The project has produced a handbook that aims to provide reef managers with tools, information and recommendations on management of coral reef ecosystems. The handbook sections range from ecological history and biogeography, resilience as well as climate change issues to fisheries, governance and the monitoring of coral reef ecosystems. Within each section are practical stand-alone ‘briefs’. These briefs offer concise information on particular reef-related issues, utilising some of the most recent scientific research to inform management actions. Each of the briefings is a unique grab-and-go resource. The accessible format also provides a useful resource for students, researchers, policy-makers and anyone interested in the future of Caribbean coral reefs.
FORCE project is an integrated research project which takes an ecosystem approach, linking social and ecological aspects towards managing Caribbean coral reefs in the face of climate change. The overall scientific objective of FORCE is to identify the most appropriate management interventions for coral reefs and the governance structures needed for their implementation.
FORCE will determine the effects of climate change, overfishing, pollution and poor governance on the health of Caribbean reefs. The team will then assemble and refine a toolbox of management measures that can be used to improve the health and wise use of coral reefs. However, not all management measures are equally effective so the project will use ecological models and novel social science methods to assess the efficacy of each tool and the governance constraints to its implementation. Finally, the team will assure longevity of their conclusions beyond 2014 through the production of a region-wide management toolkit.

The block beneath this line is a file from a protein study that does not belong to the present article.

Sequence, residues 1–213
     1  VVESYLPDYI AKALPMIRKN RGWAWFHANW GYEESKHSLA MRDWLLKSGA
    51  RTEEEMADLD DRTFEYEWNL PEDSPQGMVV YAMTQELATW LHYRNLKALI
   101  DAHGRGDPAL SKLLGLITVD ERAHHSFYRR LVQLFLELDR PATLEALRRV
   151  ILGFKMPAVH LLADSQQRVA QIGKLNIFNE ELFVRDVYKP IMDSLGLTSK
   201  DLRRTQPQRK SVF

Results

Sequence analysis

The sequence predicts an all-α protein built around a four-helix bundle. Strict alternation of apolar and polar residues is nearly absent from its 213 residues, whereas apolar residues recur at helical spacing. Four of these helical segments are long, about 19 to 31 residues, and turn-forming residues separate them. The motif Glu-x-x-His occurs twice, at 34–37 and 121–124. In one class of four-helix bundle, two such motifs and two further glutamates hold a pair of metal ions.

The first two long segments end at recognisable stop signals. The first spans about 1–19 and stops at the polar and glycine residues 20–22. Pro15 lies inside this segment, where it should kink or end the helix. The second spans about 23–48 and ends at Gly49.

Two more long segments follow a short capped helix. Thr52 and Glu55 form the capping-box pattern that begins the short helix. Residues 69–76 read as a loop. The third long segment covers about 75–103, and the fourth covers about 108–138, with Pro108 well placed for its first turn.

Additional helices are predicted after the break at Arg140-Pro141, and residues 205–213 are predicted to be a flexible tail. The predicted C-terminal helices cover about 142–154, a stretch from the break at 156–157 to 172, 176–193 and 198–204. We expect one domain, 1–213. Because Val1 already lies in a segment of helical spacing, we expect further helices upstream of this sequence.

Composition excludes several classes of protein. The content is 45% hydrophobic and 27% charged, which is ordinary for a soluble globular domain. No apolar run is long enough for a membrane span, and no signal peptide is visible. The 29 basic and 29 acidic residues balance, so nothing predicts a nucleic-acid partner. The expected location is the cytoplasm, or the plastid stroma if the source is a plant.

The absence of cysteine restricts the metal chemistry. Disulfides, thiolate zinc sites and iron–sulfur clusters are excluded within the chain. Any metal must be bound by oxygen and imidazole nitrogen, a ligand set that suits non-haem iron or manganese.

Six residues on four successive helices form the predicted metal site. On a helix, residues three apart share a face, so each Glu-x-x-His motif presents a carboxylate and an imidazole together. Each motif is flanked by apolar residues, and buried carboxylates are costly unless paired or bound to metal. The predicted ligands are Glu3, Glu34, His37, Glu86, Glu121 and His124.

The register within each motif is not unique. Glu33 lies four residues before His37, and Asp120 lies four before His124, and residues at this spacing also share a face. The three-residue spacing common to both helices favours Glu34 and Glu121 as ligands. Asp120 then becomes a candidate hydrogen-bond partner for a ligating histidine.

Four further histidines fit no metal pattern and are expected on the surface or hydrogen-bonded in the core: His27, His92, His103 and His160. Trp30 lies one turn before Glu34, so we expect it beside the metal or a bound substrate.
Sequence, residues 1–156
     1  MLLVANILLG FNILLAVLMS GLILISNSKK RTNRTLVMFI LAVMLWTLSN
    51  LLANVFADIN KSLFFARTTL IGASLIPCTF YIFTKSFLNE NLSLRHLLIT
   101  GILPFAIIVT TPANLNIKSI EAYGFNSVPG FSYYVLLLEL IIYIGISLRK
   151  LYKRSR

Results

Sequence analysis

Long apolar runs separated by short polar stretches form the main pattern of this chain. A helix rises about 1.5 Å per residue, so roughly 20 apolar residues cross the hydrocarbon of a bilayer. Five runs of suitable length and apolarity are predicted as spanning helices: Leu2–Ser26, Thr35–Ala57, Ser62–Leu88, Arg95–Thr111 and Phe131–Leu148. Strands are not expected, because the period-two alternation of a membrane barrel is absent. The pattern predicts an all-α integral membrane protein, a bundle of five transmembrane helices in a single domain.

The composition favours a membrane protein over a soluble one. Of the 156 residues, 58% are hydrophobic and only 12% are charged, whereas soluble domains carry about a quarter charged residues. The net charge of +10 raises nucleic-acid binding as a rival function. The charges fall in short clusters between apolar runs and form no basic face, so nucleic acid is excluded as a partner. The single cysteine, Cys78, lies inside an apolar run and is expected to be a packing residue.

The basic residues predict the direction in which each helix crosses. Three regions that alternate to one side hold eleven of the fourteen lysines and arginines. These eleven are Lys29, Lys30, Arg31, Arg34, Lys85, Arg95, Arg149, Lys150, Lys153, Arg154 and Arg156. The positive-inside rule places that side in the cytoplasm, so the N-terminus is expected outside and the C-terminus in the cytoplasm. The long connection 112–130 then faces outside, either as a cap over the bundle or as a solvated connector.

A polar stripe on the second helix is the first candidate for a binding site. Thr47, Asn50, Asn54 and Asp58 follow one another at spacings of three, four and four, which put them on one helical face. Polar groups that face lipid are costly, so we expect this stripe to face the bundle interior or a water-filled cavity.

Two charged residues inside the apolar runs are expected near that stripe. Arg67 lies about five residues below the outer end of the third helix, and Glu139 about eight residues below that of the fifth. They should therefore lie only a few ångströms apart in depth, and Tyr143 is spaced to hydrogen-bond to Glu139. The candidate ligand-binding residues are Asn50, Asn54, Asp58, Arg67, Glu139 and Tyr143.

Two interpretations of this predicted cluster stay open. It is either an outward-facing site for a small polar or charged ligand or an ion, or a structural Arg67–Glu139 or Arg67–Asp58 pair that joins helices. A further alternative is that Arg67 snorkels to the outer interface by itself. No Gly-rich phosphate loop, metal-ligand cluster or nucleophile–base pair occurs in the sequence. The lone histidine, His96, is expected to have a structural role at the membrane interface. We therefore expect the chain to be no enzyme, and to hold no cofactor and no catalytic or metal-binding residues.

Bonaire’s reefs remain among the best in the Caribbean. However, our monitoring has revealed some potentially troubling trends that may require management action. In 2005, we reported to the Bonaire Marine National Park on the status of Bonaire’s coral reefs, and we suggested a strategy for monitoring trends among four key reef attributes we believe track the health and resilience of Bonaire’s reefs (Steneck and McClanahan 2005). Here we report the results of monitoring studies conducted 2003, 2005 and now 2007 at each site. Where appropriate, we drew from Bonaire’s first AGRRA assessment conducted in February 1999 (Kramer and Bischof 2003) to extend temporal trends over a period of eight years.
We see three troubling trends of increased macroalgae, declining herbivory from parrotfish, and increases in damselfish populations. Of these, the first two are most serious (see Chapters 1, 2 and 3). Secondary trends of concern, increases in damselfish populations (Chapter 4) and declines in coralline algae (Chapter 1), could lead to reduced recruitment of reef corals (Chapter 7), but to date this is not evident (Chapter 7). Importantly, coral cover remains relatively high (Chapter 1). The monitored group of carnivorous fishes, the lutjanid snappers, are holding constant but we remain concerned about the past (Steneck and McClanahan 2003) and continued loss of other larger bodied reef carnivores such as groupers and barracuda. The positive ecological role of parrotfish is well documented (e.g. Mumby et al. 2006) so their decline is troubling. It is unclear exactly why their population densities are declining. While parrotfish are not currently a widely sought group of reef fish (Chapter 8), fishing pressure on them is growing. It is possible they are vulnerable to even modest fishing pressure, particularly from fish traps. Accordingly, we recommend that the capture and killing of parrotfish be stopped because of their key ecological role on Bonaire’s coral reefs. Further, other groups of grazing herbivores such as the longspined sea urchin (Diadema antillarum) are increasing but too slowly to effectively replace the functional role of parrotfish (Chapter 1). We suggest continued monitoring of key drivers of reef health (coral cover, algal abundance, herbivory and coral recruitment). Some standard protocols such as the Atlantic and Gulf Rapid Reef Assessment (AGRRA) are entirely commensurable with the data presented in our reports in 2003, 2005 and 2007 (this report). A streamlined monitoring protocol is likely to be most useful to managers to alert them as a potential problem is growing and, perhaps more importantly, to show improvement when it occurs.